I’m encouraged by the numerous people in the media, experts in disparate professions, and yes, even some politicians, who understand what is at stake and who are ready to put their time and effort towards moving us forward. Find your cause, find others working towards the same goals, find your tribe. At a minimum, it’s an opportunity to get to know your neighbors, co-workers, kids, parents in new ways. It’s our connection to others that gives us a rich life, and believe it or not, this year and beyond could prove to be some of the most moving and meaningful times we might have. It takes courage, and time and effort. Set your intention: what do you want to look back on with pride at the end of this year? It is a New World in this New Year, and we need to be brave in it.

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A Post-Election Note

Posted on Nov 9, 2016 in Community, Investments, Planning, Tax, Women

Like me, you may have felt that the world would look different this morning (if we even woke up at all) after the results of the presidential election. And yet, the sun rose, the day began, and here we are.

What we know after the election is that our country is seriously divided. As we saw when we elected Barack Obama, we want real change. The trouble as I see it is that the direction in which President Trump will lead us will be more of the same. Right now, markets — and the people who make them up — are orderly. There may come a time when the emotions that drove this election will react negatively to a lack of any real change.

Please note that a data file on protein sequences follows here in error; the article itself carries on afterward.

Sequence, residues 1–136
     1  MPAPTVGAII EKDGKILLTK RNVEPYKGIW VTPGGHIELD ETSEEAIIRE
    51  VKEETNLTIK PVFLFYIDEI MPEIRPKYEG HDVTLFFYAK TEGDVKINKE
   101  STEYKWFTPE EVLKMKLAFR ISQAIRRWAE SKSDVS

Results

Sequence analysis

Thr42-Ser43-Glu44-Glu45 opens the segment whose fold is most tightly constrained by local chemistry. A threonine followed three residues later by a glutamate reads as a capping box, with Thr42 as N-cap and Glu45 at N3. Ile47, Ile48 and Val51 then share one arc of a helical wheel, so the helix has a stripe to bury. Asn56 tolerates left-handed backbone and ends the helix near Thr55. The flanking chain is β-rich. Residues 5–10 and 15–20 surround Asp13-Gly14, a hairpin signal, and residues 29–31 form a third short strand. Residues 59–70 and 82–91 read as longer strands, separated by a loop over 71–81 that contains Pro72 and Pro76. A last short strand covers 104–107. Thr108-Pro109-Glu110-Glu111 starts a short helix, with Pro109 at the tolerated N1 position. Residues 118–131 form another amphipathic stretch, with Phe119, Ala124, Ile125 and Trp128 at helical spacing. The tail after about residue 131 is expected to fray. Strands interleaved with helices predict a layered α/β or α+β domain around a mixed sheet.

Here are a few thoughts on what comes next:

Economics – We have limited specifics on Trump’s plans for “national growth and renewal” in the economy, but there are echoes of Reaganomics: lower taxes, relaxed regulation, big government spending. If the fiscal stimulus he plans repairs and expands our infrastructure, that’s a plus. Reduced regulation (such as repeal of the new DOL Rule (which requires advisors to your 401k to act in your best interest), repeal of Dodd-Frank (Wall Street reform), repeal of the Affordable Care Act) means you’ll be more on your own to protect your interests.

Taxes – We can expect lower taxes, at least on higher earners. I am doubtful Trump’s plan to bring overseas corporate earnings home; if he is able to do this, that’s again a plus for higher earners. Given the structure of our Federal budget, we can’t grow our way out of a deficit spending situation, so lower taxes means increasing deficits.

The World – We are more connected globally than ever, and building walls and reducing trade is likely to hurt us economically, as well as in our leadership role in the world. Bombastic rhetoric in discussions with other leaders and nations could have dire consequences.

The Rhetoric – The most difficult part of the campaign for me has been the vitriolic, threatening language that stirred up some of the ugliest facets of the American character. As a woman, I feel unheard, less safe and decidedly second-class. But I believe we can’t change what we don’t acknowledge, and we must admit this election cycle has revealed a dark side we have wanted to ignore. How we continue the conversation around these issues and change them is the real challenge.